Visa will thrive on the world's continued shift from paper to digital currency, while Alcoa will see its profits swing back and forth based on demand and pricing in the aluminum market. Emerson Electric's future will depend heavily on growth abroad since more than 50% of its revenue comes from outside the U.S. shores. For obvious reasons, ConocoPhillips will depend heavily on oil prices, while the performance of VMware (NYSE: VMW) will significantly affect the value of EMC because of EMC's hefty ownership position in its former subsidiary.

When these stocks all move in time with the rest of the S&P 500, it implies that these very significant differences are meaningless. Shall I say it again? Inane.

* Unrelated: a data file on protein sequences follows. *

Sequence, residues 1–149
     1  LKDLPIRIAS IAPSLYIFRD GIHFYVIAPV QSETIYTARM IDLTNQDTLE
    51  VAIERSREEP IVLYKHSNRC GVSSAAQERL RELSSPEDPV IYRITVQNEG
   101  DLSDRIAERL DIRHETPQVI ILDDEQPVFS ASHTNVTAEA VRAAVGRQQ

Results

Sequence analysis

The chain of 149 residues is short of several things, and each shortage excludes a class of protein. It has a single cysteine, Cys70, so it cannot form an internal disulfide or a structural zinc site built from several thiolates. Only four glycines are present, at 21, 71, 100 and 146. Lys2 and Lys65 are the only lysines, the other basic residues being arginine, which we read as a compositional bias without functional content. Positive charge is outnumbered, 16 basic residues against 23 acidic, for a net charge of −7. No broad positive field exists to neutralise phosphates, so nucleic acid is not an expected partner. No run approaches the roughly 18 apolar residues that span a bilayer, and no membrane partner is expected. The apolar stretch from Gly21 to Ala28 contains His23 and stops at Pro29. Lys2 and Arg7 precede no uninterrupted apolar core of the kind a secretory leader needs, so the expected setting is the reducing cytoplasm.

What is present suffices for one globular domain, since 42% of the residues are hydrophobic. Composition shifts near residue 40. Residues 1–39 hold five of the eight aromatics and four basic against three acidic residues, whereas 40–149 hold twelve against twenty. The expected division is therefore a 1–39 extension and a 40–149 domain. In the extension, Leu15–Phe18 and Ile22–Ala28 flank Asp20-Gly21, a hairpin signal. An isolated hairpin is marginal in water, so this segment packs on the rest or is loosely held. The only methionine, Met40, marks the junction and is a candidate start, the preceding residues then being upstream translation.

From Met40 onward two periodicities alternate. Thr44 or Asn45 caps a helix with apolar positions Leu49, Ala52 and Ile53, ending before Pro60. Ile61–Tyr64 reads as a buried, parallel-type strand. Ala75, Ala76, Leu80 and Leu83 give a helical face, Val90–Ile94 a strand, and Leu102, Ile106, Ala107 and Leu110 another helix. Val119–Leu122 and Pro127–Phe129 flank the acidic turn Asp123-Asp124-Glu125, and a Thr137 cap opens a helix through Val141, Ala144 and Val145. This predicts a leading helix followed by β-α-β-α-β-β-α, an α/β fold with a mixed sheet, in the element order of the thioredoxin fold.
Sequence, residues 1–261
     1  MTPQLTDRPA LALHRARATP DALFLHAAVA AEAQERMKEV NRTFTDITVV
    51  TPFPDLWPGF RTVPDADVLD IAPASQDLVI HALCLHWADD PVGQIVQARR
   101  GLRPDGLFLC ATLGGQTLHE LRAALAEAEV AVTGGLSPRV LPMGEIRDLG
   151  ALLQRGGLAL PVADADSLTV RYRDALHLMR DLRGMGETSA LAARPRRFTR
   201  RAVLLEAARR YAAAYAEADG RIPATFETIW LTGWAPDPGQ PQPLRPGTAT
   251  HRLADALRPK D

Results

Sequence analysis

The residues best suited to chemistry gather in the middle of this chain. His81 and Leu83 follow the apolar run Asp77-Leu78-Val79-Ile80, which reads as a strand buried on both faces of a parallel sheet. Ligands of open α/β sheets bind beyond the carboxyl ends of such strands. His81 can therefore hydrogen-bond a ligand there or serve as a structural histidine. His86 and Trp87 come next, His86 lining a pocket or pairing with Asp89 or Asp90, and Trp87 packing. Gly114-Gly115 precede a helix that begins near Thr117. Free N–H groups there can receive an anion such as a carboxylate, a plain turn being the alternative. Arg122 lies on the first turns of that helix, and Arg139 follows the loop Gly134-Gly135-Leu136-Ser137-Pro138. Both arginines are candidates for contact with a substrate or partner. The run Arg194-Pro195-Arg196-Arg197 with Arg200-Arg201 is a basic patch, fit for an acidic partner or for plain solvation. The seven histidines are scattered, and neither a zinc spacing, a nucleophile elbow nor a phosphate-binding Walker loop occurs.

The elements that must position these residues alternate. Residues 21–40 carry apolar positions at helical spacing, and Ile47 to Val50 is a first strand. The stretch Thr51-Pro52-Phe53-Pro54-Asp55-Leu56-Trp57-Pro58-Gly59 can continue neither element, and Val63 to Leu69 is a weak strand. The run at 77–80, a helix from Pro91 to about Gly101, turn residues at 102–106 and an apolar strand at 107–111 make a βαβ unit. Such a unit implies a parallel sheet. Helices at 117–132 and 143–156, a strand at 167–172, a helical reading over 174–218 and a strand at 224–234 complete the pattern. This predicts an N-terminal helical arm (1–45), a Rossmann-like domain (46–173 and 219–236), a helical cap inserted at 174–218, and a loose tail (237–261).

Why this is great news
The fact that it makes no sense for the stocks of companies with different businesses, profitability levels, prospects, and valuations to move in lockstep means that great opportunities could be created.

The reason is that the longer the market as a whole doesn't take into account the change in things like profits or profit outlook for individual companies when determining prices, the more likely it becomes that valuations of individual companies will get out of whack.

As I mentioned above, this can mean death for mutual fund managers when it lasts for any meaningful length of time. But when it comes to the advantages that individual investors have over institutional investors, the ability to be patient is near -- if not at -- the top. And if other investors are truly starting to ignore the differences between individual stocks that patience -- along with the diligence to find those mispriced stocks -- could pay off in a big way in the years to come.